An update to my previous posts here and here on the state of the gold and silver markets as the Perth Mint sees them. Coin demand (retail and wholesale) has also eased but still good. Our retail outlet in Perth is quiet.
On the gold kilobar market, premiums have come off a bit but are still way above normal levels. This market action is confirmed by Warren "the ETF bar list guru" James at Screwtape Files who has observed a clear preference by bullion banks to choose 99.99% 400oz bars rather than 99.5% bars when redeeming physical from the ETFs as investors sell up, as the 99.99% bars can just be melted down and recast into kilobars (no refining required) and sold at a premium. Warren will have a post on his blog showing this graphically when he gets time.
On the Depository front, over the past few weeks we are now seeing net selling. It seems a bit of that is clients selling up part of their holdings and switching into equities. This may reflect what Financial Sense Newshour said in this podcast where they have clients who originally had a modest allocation percentage into precious metals but after the bull market (and no rebalancing) they are now sitting on excessive allocations of say 75%. Clients may have been induced into rebalancing with gold not showing any signs (yet) that a rapid rise is coming combined with the stock market showing gains.
We have also seen some physical collections of metal in Depository, mostly silver but minor quantities overall. The net loss in Depository is modest an similar to the percentage losses Bullion Vault, GoldMoney and BMG Bullion are also showing, according to Sharelynx's Transparent Holdings page (you'll need to subscribe if you want to see the data). The ETFs have been showing a lot more percentage losses than PM, BV, GM and BMG have, which reflects I think our more retail (strong hand) client base.
I don't know how to read this market behaviour. Weak investor sentiment like this could portend a bottom, but it could also make the market suseptible to a sell off if the April price smash entity decides to test the market's strength again as it need not worry about position limits and the CFTC catching them out.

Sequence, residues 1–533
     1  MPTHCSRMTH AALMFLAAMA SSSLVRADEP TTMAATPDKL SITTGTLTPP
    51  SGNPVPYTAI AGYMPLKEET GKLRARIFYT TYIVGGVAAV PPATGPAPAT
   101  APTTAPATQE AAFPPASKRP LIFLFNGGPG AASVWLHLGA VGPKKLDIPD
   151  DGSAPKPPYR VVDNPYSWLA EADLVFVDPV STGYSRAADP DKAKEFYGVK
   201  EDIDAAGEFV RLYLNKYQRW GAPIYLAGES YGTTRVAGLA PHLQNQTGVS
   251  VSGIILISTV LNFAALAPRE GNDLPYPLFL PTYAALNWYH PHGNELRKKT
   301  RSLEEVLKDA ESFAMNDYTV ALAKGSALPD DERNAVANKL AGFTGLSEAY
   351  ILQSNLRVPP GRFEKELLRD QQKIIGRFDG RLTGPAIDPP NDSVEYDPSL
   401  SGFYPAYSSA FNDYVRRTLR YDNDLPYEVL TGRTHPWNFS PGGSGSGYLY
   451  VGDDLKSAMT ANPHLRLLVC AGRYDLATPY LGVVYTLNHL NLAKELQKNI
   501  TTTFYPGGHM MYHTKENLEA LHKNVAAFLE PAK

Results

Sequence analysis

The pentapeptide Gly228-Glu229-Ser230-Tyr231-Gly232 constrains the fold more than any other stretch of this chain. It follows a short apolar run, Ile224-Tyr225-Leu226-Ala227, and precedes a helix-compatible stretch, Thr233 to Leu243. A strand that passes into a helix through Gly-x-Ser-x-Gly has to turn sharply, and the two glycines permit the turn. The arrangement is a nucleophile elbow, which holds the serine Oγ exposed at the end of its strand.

Gene Arensberg at Got Gold Report also sees the market as “very imbalanced” and “dangerous for both sides of the battlefield.” with the largest hedgers of gold are positioned as though they see very little downside left, while on the other the Funds, while still net long gold, have put on their largest gross short position since the disaggregated data begins in 2006.
Further confusing messages comes from the contrast between James Turk and the Royal Canadian Mint. James Turk reports some stress in the wholesale markets (although I think when he says that "some of the larger orders to buy bars have been moving out to as long as T+5, which is extraordinary" he is referring to kilobar, not 400oz bars, as GoldMoney isn't showing premiums or delays for their 400oz bar backed product) and that "the buyer or buyers who pushed the gold price up during the London PM fix yesterday were obviously desperate to get their hands on physical metal and were prepared to pay whatever price it took to obtain it".
Then we have this Globe and Mail article which notes that the Royal Canadian Mint's gold and silver exchange-traded receipts were trading at a 1.7% and 1% discount on Wednesday. The fact that "major investors holding at least 10,000 of the gold ETRs or 5,000 of the silver ones could also redeem them for metal and acquire holdings at a below-market price" certainly isn't reflective of a shortage in the wholesale markets.
At this time I think I agree with Gene: "We have to admire the courage of those willing to sell gold short in this, very imbalanced environment, knowing that a reversal could occur any moment and that it could be epic in its violence. Rest assured we have neither the courage nor the inclination to do so ourselves."
One question about the G&M article - you mentioned that the gold and silver for the ETRs were trading at less than spot.
My understanding is that this is a relatively small issuance and represent only about $550 million total (gold and silver combined). To negate costs associated to the pickup, security, and transfer (you have to hire armored truck companies) - costs would come up quite a bit. That's also assuming that you buy the whole market of these ETR's, which i'm not sure is very feasible.
I could be wrong but I'm not sure this is quite the arbitrage opportunity that it may seem like...
For a bullion bank or professional large trader, they could easily buy the ETRs and redeem, but just keep the physical at the RCM as the RCM does do storage (Sprott has their metal with the RCM).ReplyDelete
That is why I consider it unusual that someone isn't taking the arbitrage. 1% is a huge margin in the wholesale markets and well above any shipment cost.
Got a question that doesn't pertain to your current topic. Was hoping you could enlighten me. Can large buyers come to the Perth mint and purchase directly? Say a guy like kyle bass has a client that wants physical delivered to his choice of storage would he be able to purchase directly through the Perth mint on behalf of the client? If he can what kind of volume could the Perth mint handle? In other words lets say this client wants 2 tons of physical delivered, could the pith mint handle this? If so how long would it take to deliver?